Acclaimed British author, Dave Jeffery returns us to the captivating, dark and thought provoking world of A Quiet Apocalypse with the 4th book in the series called TRIBUNaL to be released via Demain Publishing on the 30th of June, 2022.
Almost as dark and depressing as the scenarios called up in the A Quiet Apocalypse series is the fact that TRIBUNaL is set to be the end of the series. All good things must come to an end, and an author of the calibre of Dave Jeffery will have creative muscles that need stretching but such is the quality of this series, I feel immensely sad while reading this. Like it represents a sort of goodbye. These books mean a lot to me, on a personal level. A statement I will expand briefly on at the foot of this review.
Since the first book, A Quiet Apocalypse reached me, I have been absolutely mesmerised by this world conjured up by Dave Jeffery’s imagination. The expansive second book, Cathedral, surpassed expectation, I think, and my expectations of Dave Jeffery are high. Since then, The Samaritan continued to blow me away and even the side step into a collection of talented authors offering short stories based in the world of A Quiet Apocalypse, A Silent Dystopia, was a marvellous treat.
Each book comes with cover art from Adrian Baldwin that absolutely perfectly captures the mood and feel of each story.
So we reach the end of the story now in TRIBUNaL. Something that instantly surprised me because, well, I have questions. Going in to this I felt that there were significant questions and points I wanted answers to or more information on. I didn’t need them, the story is filled out plenty. But I just wanted them. I struggled to understand how a single novel would possibly satisfy my demands but then I started reading and mocked myself for ever doubting Dave Jeffery.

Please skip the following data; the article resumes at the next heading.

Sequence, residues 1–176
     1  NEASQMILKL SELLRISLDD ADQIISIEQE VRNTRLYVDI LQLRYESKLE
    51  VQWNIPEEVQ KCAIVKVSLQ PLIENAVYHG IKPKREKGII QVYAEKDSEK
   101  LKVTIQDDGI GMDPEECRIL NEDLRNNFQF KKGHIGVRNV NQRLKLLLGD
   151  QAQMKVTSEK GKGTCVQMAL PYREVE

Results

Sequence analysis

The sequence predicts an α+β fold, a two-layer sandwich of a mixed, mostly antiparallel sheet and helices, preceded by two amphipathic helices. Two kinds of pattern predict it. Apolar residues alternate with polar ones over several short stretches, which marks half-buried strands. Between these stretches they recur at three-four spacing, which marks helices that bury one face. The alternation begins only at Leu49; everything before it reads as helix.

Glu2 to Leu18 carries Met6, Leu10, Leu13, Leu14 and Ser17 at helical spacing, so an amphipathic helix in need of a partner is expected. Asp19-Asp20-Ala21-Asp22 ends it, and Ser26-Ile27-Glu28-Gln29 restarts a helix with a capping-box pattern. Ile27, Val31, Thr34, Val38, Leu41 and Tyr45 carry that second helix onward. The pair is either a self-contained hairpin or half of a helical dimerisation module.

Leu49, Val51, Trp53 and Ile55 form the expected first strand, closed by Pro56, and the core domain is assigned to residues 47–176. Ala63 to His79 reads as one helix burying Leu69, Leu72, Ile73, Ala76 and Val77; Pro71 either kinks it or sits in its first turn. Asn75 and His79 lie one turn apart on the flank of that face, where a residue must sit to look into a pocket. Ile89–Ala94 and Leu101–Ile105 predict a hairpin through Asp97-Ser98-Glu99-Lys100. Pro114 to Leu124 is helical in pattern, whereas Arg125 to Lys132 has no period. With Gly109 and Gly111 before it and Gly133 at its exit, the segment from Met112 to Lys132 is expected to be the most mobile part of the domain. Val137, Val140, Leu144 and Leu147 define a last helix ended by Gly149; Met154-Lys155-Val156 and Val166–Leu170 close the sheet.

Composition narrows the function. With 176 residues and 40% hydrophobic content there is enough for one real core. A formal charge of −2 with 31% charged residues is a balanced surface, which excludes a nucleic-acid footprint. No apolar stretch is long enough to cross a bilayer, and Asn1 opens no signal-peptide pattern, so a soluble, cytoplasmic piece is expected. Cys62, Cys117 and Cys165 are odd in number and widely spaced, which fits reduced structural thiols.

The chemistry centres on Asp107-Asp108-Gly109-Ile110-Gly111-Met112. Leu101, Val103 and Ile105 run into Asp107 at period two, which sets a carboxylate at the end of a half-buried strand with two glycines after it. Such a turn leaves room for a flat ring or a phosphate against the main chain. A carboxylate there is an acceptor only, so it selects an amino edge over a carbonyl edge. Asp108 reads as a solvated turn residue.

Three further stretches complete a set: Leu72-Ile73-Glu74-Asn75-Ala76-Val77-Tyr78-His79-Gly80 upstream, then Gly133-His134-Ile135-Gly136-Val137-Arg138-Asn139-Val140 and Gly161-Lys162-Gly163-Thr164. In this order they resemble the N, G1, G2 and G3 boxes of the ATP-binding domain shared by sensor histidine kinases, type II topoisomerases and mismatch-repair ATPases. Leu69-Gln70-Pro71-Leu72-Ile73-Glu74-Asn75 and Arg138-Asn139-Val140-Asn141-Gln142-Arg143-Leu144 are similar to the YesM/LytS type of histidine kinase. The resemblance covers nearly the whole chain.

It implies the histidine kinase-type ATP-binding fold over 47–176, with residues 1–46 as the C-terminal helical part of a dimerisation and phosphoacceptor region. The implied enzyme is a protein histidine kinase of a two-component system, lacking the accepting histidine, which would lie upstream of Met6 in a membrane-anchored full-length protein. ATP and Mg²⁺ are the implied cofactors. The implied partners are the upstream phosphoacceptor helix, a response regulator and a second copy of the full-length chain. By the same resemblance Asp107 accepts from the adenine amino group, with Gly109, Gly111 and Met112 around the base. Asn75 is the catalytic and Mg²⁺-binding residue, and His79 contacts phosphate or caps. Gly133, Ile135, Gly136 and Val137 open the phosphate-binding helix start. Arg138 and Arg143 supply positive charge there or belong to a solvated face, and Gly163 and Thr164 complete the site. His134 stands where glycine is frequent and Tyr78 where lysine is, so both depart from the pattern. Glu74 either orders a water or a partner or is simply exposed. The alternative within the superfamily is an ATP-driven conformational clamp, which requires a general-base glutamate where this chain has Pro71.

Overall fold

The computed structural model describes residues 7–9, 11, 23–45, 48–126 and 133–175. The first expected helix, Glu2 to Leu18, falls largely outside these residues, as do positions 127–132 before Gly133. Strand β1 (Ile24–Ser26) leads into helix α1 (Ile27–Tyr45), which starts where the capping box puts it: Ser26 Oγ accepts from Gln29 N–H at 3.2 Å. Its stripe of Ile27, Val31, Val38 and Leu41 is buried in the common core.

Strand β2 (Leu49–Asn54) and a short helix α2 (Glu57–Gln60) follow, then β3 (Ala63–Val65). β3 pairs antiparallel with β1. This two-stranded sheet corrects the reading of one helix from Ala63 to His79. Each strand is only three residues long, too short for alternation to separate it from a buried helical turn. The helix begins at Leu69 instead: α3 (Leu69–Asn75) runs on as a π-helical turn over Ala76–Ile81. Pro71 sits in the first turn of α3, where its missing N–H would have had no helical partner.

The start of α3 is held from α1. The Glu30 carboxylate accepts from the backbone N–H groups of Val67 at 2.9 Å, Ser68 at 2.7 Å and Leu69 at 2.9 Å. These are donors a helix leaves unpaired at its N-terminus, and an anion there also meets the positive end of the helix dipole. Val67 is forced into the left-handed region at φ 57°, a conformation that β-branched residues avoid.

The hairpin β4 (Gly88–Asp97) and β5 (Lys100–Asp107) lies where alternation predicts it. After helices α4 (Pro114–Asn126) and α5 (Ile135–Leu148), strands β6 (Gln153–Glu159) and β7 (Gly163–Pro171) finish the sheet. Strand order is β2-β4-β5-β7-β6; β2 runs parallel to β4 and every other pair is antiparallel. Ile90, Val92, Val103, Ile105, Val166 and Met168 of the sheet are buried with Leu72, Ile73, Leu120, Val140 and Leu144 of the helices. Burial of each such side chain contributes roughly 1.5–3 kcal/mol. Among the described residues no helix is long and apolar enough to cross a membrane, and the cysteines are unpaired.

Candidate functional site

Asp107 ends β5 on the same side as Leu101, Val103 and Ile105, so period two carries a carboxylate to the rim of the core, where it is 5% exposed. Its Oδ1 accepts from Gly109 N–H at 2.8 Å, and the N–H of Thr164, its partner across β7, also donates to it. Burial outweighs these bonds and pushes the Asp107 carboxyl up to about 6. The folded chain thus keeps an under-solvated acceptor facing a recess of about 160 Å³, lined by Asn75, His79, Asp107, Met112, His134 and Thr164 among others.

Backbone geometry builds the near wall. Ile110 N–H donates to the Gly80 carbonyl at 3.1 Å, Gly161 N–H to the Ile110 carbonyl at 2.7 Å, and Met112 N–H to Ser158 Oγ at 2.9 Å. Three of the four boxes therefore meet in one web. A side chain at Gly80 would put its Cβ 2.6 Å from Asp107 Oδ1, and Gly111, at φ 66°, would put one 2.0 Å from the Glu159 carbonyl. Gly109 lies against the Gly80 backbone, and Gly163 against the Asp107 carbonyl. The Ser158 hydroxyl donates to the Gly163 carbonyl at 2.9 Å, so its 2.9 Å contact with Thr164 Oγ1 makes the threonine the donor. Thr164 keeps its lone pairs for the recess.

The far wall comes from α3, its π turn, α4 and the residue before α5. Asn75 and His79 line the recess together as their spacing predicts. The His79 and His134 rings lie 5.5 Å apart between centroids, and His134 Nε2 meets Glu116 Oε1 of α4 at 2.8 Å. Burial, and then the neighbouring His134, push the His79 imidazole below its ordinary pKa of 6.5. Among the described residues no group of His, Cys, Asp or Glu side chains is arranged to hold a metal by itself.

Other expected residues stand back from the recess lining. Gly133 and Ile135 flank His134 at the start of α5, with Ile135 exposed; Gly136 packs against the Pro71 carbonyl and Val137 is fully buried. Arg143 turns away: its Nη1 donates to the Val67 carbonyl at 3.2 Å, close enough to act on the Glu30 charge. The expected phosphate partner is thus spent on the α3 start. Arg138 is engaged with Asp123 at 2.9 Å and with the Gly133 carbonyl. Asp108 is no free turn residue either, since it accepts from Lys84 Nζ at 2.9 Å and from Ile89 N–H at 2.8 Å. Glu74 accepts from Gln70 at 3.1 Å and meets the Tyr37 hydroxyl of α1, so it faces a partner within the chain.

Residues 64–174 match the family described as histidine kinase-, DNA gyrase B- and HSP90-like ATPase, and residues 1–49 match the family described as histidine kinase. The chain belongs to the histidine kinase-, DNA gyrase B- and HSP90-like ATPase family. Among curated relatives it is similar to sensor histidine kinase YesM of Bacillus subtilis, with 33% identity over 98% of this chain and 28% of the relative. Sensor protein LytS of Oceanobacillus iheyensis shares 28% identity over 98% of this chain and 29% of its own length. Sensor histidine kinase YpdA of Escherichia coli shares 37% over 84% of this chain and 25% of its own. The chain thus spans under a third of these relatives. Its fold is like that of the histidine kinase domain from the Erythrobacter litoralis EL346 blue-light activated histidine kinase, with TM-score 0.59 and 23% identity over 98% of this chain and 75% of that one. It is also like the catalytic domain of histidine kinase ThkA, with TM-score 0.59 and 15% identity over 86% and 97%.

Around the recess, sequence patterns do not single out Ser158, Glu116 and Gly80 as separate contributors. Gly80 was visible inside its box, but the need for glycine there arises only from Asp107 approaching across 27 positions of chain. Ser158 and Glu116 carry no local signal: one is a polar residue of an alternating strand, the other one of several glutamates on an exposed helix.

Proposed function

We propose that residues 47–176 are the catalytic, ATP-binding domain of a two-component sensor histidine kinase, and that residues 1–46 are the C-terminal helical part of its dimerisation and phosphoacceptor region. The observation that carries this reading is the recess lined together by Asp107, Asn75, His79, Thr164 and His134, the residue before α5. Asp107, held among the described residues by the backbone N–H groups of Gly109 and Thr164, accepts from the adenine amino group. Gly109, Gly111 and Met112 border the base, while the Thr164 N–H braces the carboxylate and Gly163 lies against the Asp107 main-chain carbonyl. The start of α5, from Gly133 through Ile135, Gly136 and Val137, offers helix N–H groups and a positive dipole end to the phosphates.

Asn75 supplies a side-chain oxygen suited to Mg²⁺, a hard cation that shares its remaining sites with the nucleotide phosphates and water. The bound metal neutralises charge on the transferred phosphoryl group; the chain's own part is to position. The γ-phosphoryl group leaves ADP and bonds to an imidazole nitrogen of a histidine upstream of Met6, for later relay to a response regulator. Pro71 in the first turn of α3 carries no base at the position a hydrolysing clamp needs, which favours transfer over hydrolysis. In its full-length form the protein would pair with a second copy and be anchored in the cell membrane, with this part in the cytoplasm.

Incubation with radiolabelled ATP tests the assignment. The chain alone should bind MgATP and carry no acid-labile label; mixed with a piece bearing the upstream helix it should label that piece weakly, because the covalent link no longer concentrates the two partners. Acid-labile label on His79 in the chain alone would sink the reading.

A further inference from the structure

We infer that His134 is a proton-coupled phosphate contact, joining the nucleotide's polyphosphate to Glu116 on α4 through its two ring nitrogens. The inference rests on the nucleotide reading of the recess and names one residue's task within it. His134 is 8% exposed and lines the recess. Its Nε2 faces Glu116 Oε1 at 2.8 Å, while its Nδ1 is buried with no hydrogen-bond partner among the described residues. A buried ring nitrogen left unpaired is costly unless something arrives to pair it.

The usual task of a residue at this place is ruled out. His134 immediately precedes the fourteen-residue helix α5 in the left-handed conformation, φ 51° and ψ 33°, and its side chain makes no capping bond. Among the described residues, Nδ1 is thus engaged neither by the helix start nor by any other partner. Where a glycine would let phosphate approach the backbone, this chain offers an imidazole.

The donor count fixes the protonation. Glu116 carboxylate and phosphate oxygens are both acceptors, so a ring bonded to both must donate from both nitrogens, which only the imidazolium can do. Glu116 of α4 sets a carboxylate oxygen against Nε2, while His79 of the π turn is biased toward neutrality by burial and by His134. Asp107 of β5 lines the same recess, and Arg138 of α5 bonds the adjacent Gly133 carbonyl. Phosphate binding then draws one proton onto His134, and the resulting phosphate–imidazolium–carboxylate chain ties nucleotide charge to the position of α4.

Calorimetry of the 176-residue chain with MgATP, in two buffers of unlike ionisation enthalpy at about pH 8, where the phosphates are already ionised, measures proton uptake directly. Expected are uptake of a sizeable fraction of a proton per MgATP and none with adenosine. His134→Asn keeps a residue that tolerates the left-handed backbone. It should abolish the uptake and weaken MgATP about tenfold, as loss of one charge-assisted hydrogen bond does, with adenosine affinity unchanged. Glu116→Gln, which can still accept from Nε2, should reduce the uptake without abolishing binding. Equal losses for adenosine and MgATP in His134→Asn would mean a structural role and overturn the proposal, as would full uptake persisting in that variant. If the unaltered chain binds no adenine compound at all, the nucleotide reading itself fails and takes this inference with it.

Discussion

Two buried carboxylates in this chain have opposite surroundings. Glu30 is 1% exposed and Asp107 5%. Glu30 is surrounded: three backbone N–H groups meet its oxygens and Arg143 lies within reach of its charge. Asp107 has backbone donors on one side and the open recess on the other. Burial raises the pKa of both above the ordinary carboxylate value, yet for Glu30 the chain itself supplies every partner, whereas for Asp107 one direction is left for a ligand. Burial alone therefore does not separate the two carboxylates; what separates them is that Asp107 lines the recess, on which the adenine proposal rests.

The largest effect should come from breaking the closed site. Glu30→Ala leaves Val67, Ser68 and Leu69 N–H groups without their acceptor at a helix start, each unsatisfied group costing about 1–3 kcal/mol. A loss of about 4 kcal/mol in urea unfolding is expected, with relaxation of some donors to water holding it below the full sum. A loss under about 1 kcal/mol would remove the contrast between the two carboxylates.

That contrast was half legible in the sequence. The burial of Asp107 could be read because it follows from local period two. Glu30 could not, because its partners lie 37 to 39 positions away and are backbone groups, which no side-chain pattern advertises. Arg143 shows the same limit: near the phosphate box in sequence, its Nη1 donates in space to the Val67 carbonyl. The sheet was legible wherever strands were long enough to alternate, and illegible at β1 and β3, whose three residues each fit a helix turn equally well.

You see, Dave Jeffery managed to find a way to write TRIBUNaL that is very different to the other stories in A Quiet Apocalypse. Stories where we follow characters and locations has changed here to a story following a process, a hearing (as they used to say), a TRIBUNaL. This story follows the process and in doing so, in so cleverly writing this way, we manage to move forwards and flesh out the past, linking everything together on the way.
The world has moved on, we are 50 years in the future, reading back through a historical record of a few years after the main event. Cathedral, the location, had fallen though the idea was not so quickly terminated and those captured during it’s topple faced justice. Justice at the hands of their most hated enemy, the Harbingers. A derogatory term, labelled upon the deaf. People believed, rightly or wrongly, to have somehow been the cause of MNG-U, the harbingers of death, suffering, loss and the cause of the loss of hearing. Cathedral, for all the good it did for it’s own citizens, for it’s, in some ways, noble aspirations became the victim of it’s hate.
If a persecutor persecutes enough people for long enough, they will do nothing more than cause unity between the persecuted. That is what Cathedral eventually achieved. It’s twisted desire for community and order through rules and violence essentially caused community within their victims. Harks and Harbingers were living in a pattern of hide to survive. Cathedral changed that really, reaching it’s ugly claws out and forcing the hidden to make a stand, a stand that succeeded and Cathedral fell.